What is Chagas disease?
Chagas disease is a disease caused by the parasite Trypanosoma cruzi, which is transmitted to animals and humans through insects. Chagas disease is found only in the Americas (mainly, in rural areas of Latin America where poverty is widespread).
Who gets Chagas disease?
Anyone can get Chagas disease, but it is mainly found in poverty-stricken areas in Central and South America where homes are made from materials such as adobe, straw, mud, and palm thatch. During the day the insects that carry the parasite live in the walls of these homes and at night they come out while people sleep.
How is Chagas disease spread?
Chagas is spread mainly through insects that carry the parasite leaving feces on people while they are sleeping. The parasite enters the body through the mucous membranes, abrasions (including the insect bite), or breaks in the skin.
Other ways you can become infected with Chagas are:
• Eating uncooked food contaminated with feces from infected insects ;
• Congenital transmission (from a pregnant woman to her baby);
• Blood transfusion;
• Organ transplantation; and
• Accidental laboratory exposure.
What are the signs and symptoms of Chagas disease?
There are two phases of Chagas disease: acute phase and the chronic phase.
The acute phase lasts for the first few weeks or months of infection. The patient might not show symptoms at this time. It can be difficult to diagnose this disease during the acute phase because the symptoms can be mistaken with other illnesses. Some common symptoms can include fever, fatigue, body aches, headache, rash, loss of appetite, diarrhea, and vomiting.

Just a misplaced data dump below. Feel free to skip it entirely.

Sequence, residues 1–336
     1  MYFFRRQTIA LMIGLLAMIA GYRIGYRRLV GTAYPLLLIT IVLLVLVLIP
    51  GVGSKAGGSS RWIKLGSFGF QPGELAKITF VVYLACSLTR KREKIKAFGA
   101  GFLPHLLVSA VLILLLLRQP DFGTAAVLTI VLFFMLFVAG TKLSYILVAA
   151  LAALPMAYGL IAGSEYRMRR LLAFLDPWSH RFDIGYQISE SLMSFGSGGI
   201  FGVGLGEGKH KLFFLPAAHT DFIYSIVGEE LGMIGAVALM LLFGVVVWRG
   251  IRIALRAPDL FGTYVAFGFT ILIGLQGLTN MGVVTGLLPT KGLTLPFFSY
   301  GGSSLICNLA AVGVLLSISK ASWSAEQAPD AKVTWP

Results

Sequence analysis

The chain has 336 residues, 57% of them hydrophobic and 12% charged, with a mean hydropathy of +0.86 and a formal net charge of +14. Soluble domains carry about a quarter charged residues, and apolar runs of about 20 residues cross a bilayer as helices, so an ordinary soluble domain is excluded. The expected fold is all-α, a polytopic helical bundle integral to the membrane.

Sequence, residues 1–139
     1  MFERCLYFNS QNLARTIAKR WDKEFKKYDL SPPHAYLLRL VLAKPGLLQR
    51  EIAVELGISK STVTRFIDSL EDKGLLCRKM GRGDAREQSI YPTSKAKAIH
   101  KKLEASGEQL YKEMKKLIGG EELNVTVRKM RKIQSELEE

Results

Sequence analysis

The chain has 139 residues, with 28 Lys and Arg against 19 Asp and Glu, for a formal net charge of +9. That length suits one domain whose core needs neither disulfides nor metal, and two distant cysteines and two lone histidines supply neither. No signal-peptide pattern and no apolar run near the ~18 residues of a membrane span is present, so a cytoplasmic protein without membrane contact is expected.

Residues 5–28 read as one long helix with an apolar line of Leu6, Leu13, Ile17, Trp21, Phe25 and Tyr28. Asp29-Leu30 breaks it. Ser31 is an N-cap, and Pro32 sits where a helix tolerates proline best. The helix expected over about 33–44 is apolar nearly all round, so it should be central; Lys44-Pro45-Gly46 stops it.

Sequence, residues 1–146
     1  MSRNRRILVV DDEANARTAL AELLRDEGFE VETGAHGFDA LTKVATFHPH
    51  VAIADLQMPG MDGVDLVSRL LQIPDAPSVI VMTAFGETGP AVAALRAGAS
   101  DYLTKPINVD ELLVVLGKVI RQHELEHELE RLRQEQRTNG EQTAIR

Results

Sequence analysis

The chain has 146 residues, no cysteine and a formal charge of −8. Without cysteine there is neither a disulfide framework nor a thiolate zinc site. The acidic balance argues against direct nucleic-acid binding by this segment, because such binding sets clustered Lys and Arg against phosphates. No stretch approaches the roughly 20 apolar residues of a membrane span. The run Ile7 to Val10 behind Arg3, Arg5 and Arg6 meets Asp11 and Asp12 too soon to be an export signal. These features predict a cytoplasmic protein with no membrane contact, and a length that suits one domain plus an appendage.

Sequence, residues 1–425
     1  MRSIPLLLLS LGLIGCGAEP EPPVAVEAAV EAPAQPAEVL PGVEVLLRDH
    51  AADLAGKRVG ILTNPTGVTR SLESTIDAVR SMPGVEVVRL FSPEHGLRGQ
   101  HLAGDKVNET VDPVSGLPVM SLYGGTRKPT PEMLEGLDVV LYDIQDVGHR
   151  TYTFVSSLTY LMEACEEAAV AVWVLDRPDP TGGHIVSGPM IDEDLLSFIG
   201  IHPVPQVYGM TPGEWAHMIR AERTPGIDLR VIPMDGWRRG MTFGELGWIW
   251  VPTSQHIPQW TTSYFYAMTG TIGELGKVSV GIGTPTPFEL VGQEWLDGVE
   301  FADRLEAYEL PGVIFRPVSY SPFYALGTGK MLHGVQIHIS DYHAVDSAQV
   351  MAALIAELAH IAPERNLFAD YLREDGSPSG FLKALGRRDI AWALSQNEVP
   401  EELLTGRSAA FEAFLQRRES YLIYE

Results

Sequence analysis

After the acute phase, most people become better and do not have any further symptoms. However, some people enter a chronic phase that may remain silent, or they may develop:
• Heart problems, which can include an enlarged heart, heart failure, altered heart rate or rhythm, or heart attack.
• Intestinal problems, which can lead to difficulties with eating or passing stool.
The course and severity of Chagas infection may differ from person to person, depending on when, how and where they were infected.
How is Chagas disease treated?
There are two ways to approach treatment for Chagas:
• Antiparasitic treatment, to kill the parasite; and
• Symptomatic treatment, to manage the symptoms and signs of infection.
Antiparasitic treatment is most effective early in the course of the infection but can be used with any person who has Chagas disease. Most people don’t need to be hospitalized for this treatment.
Symptomatic treatment may help people with cardiac or intestinal problems caused by Chagas disease.
How can I prevent getting Chagas disease?
There are currently no drugs or vaccines for preventing Chagas disease. If you are going to a region where Chagas disease is common you should sleep indoors, in well-constructed facilities (for example, air-conditioned or screened hotel rooms). Other preventive measures include spraying infested dwellings with long-lasting insecticides, using bed nets treated with insecticides, wearing protective clothing, and applying insect repellent to exposed skin. Also be aware of other possible routes of transmission such as bloodborne and foodborne routes.
Is donated blood screened for Chagas disease?
Yes, most blood banks will automatically test for Chagas disease. All blood that is contaminated with Chagas disease will be removed immediately from the supply and the donor will be contacted. This will prevent further transmission through blood transfusion and also stop the donor from giving blood in the future.
For more information on Chagas disease blood screening please visit the link below.
Where can I get more information?
- Your personal doctor.
- Your local health department listed in your telephone directory.
- The Utah Department of Health, Office of Epidemiology (801) 538-6191.
- Or visit these links:
Utah Department of Health
Office of Epidemiology